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In the following diagram, the directions of both currents and voltages for voltage sources are shown. My task is to write KCL and KVL for all 3 loops, and my question concerns KVL.

I believe I am approaching KVL problems wrong, this is precisely how I think:

If we look at R2 in loop Is1, for example, we can se that both U02 and U01 are directed to it. I assumed R2's direction would be opposite to the run of Is1, since it would take the direction of the voltage with higher magnitude, U01. But in the correct KVL equation it has the same direction as the run.

Moreover I don't understand where to start the loop: should it be where the arrow is (in loop Is1 it would be R1) o do I start with the node?

Please help me understand what part of my approach is wrong and how to correct it.

Also a smaller question regarding KCL, the correct answer indicated that I1 flows out of node B, why is it so?

  • \$\begingroup\$ Do your voltage arrows show the direction of the electric field (more a continental Europe thing) or are they meant to show voltage polarity (more a UK or North American thing)? \$\endgroup\$
    – Andy aka
    Oct 3, 2023 at 8:34
  • \$\begingroup\$ Nodes are 5, branches are 6, loops are 2 , cut sets are 4. \$\endgroup\$
    – Franc
    Oct 3, 2023 at 8:42
  • \$\begingroup\$ @Nare, Start the loop where ever you want. Just finish at the same place. There are only two loops to worry over with KVL. You get to pick which two. You don't need KCL to solve this. Ignore all the excess stuff thrown in there to confuse you. \$\endgroup\$ Oct 3, 2023 at 10:10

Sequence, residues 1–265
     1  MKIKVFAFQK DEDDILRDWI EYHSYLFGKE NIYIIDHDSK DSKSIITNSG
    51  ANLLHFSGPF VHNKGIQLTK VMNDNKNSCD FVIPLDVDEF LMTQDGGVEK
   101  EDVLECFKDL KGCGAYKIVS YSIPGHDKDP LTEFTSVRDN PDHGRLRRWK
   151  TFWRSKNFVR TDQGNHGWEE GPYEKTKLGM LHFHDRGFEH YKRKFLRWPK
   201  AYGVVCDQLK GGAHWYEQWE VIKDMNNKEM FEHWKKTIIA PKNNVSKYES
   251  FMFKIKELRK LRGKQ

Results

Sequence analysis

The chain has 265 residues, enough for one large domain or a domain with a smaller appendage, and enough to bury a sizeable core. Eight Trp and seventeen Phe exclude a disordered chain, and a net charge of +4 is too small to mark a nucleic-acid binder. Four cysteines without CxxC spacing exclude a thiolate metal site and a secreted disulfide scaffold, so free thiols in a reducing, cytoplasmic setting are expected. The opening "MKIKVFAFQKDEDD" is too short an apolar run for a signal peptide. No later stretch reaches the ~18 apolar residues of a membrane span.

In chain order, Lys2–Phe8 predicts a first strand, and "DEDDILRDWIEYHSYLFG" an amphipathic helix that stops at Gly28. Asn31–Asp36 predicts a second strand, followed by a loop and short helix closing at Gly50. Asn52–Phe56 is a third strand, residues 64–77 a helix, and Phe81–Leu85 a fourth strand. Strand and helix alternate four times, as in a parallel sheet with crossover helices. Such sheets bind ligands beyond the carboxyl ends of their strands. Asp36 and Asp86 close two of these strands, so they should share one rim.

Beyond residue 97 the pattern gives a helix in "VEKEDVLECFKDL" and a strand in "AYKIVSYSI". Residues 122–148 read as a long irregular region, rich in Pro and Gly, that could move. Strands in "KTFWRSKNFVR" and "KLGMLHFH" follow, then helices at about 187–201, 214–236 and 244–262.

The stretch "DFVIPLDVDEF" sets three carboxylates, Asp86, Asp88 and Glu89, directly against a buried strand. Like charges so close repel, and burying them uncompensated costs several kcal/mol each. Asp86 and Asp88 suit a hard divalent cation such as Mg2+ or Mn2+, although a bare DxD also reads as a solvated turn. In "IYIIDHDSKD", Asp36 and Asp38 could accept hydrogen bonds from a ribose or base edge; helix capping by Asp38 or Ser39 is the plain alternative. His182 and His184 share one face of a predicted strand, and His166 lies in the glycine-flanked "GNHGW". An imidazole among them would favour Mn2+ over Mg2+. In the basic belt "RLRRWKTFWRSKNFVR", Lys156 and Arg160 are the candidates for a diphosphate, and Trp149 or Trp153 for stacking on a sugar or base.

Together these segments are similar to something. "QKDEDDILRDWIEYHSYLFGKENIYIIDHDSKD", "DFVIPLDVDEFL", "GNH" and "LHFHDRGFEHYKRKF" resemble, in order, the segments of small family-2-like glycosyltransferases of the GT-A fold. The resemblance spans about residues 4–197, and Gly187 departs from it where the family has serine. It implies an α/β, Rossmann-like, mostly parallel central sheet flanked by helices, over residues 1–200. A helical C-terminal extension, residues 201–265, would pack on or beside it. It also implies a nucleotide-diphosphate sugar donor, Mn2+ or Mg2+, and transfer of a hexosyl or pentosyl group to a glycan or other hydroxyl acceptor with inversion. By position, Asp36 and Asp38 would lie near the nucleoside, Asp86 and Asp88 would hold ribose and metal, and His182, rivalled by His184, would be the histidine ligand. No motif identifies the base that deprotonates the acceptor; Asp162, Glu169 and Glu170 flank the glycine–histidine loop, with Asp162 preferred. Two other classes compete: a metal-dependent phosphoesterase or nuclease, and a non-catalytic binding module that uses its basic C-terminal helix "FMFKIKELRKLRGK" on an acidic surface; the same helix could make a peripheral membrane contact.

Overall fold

• \$\begingroup\$ @Nare, use KVL equations, Eq(0+100-r1*(is1)-20-r2*(is1-is2),0) and Eq(0-r2*(is2-is1)+20-r3*(is2)-r4*(is2),0), in Python/Sympy. Solves for the two loop currents, trivially. The rest is a distraction. \$\endgroup\$ Oct 4, 2023 at 3:36

1 Answer 1


First of all, it is necessary to draw the oriented graph of the network, clearly highlighting the numbered nodes; the reference node is generally indicated with the number 0. If n is the number of nodes, b the number of branches, p the separate parts, we define The network tree is a set of consecutive branches of n-p branches. the remaining branches constitute the co-tree of the network. The branches of the tree (in blue) must be numbered in succession starting from 1 to n-1. The remaining ones, those of the co-tree, should be numbered from n to b. Once this is done, you choose the type of analysis to do. The most common is the analysis based on pairs of independent nodes. If the resulting currents and voltages are negative, this means that those currents and voltages have opposite directions to those of the digraph.

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